Review of Oblivion Season: When Freedom Eludes Us

Oblivion Season Oblivion Season

Only at the very end of the Montreal World Film Festival did I realized that I had a preference for films with strong female characters at the center of their story. I had the privilege of seeing some beautiful movies at this year’s WFF. I hope with all my heart that Montrealers will not lose such a rewarding and valuable festival.

My journey to the heart of the world’s film began with the movie Oblivion Season in the Focus on World Cinema category. It’s an Iranian film directed by Abbas Rafei. While Fariba, the main character of this film, thought she could escape her former life of prostitution and misery, she finds herself trapped again. Her husband Morteza holds her captive. This violent man passionately reiterates that he left all he had, that he has abandoned his former life for her.

When her husband is hurt in a car accident, willing to pay hospital charges, Fariba works as a driver. We then follow her in the streets where she drives with men, women, and their goods. The images of the city of Tehran are beautiful. The long time spent travelling make us travel with Fariba. We are committed to this woman and her nephew which will travel with her later. People often tell her that a woman like her should not drive. Women cannot work and they are not allowed to speak.

Oblivion Season

Oblivion Season

Despite the difficulties, Fariba works. Fariba does the work of men. According to her society, she should not work but rather cook. But Fariba does this work because she needs money. The men talk loudly, scream, and hurt others. But they are men, after all, as the neighbour says to Fariba. Should she then forgive and accept them because they are men? The character of Morteza, her husband, cries; he is destroyed by the treachery of Fariba. He suspects her to be in communication with the people of her former life. When Fariba returns to the hospital to pay for her husband’s hospital charges, he has already left. His family came before her while she was supposedly his only family. When Fariba goes to Morteza’s house, there is a group of angry women who welcome her only to beat her. We seem to forget Fariba endures everything.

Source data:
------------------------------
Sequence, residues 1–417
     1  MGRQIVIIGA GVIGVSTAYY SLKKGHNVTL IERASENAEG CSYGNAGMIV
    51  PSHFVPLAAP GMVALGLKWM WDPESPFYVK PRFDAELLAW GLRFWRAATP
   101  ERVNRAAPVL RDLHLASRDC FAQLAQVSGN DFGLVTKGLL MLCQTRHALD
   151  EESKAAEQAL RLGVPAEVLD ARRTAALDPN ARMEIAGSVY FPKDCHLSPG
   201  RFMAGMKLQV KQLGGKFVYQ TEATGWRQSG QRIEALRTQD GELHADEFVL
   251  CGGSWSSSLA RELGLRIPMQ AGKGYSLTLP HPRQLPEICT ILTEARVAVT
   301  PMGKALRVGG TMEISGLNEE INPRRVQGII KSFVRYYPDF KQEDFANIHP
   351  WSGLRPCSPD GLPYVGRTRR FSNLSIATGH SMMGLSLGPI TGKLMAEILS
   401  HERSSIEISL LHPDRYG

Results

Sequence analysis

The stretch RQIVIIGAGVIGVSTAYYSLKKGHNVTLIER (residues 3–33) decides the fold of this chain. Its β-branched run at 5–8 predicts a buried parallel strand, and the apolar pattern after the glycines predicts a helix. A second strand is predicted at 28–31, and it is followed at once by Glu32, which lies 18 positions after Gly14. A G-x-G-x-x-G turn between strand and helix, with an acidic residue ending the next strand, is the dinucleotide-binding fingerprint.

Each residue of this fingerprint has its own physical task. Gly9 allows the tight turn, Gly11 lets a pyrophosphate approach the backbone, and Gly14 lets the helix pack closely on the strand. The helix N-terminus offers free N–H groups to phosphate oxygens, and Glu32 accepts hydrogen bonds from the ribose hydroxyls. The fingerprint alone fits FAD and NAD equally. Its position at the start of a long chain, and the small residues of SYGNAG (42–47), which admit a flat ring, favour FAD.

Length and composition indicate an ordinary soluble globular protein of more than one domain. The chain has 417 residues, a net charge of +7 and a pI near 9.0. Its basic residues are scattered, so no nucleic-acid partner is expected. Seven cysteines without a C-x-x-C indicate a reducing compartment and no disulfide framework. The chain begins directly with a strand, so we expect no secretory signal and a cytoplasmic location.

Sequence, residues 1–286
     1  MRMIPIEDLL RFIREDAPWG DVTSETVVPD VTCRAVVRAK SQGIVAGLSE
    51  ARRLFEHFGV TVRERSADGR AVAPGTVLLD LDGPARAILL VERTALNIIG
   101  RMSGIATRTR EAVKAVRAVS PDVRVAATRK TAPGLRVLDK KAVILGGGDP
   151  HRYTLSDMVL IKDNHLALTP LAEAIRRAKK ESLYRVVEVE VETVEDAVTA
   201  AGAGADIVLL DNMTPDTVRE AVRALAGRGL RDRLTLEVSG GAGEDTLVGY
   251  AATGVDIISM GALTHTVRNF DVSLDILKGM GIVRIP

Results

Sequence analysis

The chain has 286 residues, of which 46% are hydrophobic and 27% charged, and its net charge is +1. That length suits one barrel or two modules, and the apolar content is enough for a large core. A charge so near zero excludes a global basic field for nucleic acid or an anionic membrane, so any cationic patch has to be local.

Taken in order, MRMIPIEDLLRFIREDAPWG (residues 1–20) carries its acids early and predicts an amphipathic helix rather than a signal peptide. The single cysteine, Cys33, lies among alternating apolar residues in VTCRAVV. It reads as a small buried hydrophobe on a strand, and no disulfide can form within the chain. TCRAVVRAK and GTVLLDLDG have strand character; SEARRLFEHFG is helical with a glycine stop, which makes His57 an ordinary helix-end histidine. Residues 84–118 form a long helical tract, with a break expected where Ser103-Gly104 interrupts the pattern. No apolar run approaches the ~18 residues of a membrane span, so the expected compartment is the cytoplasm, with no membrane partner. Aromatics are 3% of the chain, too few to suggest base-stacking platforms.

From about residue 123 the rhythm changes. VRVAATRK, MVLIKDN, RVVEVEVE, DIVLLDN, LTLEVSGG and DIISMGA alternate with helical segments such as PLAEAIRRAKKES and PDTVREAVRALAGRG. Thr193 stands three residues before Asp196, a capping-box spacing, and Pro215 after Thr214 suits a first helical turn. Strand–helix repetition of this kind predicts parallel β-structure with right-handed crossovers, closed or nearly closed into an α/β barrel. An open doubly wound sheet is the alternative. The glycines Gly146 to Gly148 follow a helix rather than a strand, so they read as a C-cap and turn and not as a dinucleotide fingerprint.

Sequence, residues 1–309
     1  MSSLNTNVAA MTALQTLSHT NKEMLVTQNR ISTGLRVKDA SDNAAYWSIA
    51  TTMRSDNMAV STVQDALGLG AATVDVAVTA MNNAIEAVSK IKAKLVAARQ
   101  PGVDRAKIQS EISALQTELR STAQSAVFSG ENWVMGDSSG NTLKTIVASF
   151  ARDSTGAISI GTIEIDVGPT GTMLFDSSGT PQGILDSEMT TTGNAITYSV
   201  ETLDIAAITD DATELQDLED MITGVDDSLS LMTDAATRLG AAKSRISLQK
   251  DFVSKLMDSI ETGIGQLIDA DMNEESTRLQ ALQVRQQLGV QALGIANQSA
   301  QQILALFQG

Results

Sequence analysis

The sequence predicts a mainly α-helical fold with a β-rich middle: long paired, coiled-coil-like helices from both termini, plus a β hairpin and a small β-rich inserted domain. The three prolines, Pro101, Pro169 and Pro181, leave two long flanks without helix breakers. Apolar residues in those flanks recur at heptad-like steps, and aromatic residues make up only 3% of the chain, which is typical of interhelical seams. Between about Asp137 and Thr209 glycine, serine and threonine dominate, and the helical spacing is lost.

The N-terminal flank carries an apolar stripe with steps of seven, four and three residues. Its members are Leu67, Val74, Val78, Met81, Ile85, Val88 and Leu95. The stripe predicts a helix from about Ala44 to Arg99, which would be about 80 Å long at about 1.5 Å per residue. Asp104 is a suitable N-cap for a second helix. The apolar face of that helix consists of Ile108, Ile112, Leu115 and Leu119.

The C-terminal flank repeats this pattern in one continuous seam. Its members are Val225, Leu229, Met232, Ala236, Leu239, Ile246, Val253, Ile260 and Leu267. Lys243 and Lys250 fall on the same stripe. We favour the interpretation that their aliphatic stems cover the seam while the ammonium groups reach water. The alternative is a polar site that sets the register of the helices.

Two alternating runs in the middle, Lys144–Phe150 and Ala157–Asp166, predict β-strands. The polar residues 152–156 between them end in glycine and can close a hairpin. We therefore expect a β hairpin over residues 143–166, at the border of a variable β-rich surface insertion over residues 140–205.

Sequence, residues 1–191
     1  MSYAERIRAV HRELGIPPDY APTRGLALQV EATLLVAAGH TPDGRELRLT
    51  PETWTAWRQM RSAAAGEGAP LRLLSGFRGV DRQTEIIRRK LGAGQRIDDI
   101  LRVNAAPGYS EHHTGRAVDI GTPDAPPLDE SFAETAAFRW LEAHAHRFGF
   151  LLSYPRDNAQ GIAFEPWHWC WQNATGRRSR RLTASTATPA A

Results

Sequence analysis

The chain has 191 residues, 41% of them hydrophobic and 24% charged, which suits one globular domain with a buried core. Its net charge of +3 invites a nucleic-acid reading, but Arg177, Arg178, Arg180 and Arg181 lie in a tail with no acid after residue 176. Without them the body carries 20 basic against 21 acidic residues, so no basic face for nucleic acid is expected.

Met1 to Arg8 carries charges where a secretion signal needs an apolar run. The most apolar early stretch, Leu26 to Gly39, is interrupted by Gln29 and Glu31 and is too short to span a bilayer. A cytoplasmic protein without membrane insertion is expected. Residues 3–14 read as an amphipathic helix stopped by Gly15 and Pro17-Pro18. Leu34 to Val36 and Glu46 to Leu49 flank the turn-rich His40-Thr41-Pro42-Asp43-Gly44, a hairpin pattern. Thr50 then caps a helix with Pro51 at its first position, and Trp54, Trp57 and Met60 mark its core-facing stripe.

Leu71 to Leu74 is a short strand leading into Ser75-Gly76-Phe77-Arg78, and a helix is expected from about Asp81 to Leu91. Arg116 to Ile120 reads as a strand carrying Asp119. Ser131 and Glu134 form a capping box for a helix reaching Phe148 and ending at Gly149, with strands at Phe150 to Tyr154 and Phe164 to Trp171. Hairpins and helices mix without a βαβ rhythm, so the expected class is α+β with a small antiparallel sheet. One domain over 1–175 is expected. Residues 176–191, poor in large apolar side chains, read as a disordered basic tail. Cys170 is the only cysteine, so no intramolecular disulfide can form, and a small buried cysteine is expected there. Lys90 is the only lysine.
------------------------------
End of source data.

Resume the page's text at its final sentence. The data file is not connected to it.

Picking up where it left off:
The beauty of this film lies not only in pictures but in the elegance of the treatment of the subject. The film is about prostitution, but it is never explicitly shown. This is a powerful film and the fate of Fariba is terrible. The director said it is difficult, in Iran, to make a film about prostitution because the government refuses to believe in the existence of the issue. Oblivion Season wanted to show how a woman manages to navigate in an environment dominated by men and religion, which is one thing the film manages to do very well.

Oblivion Season screened as part of the Montreal World Film Festival.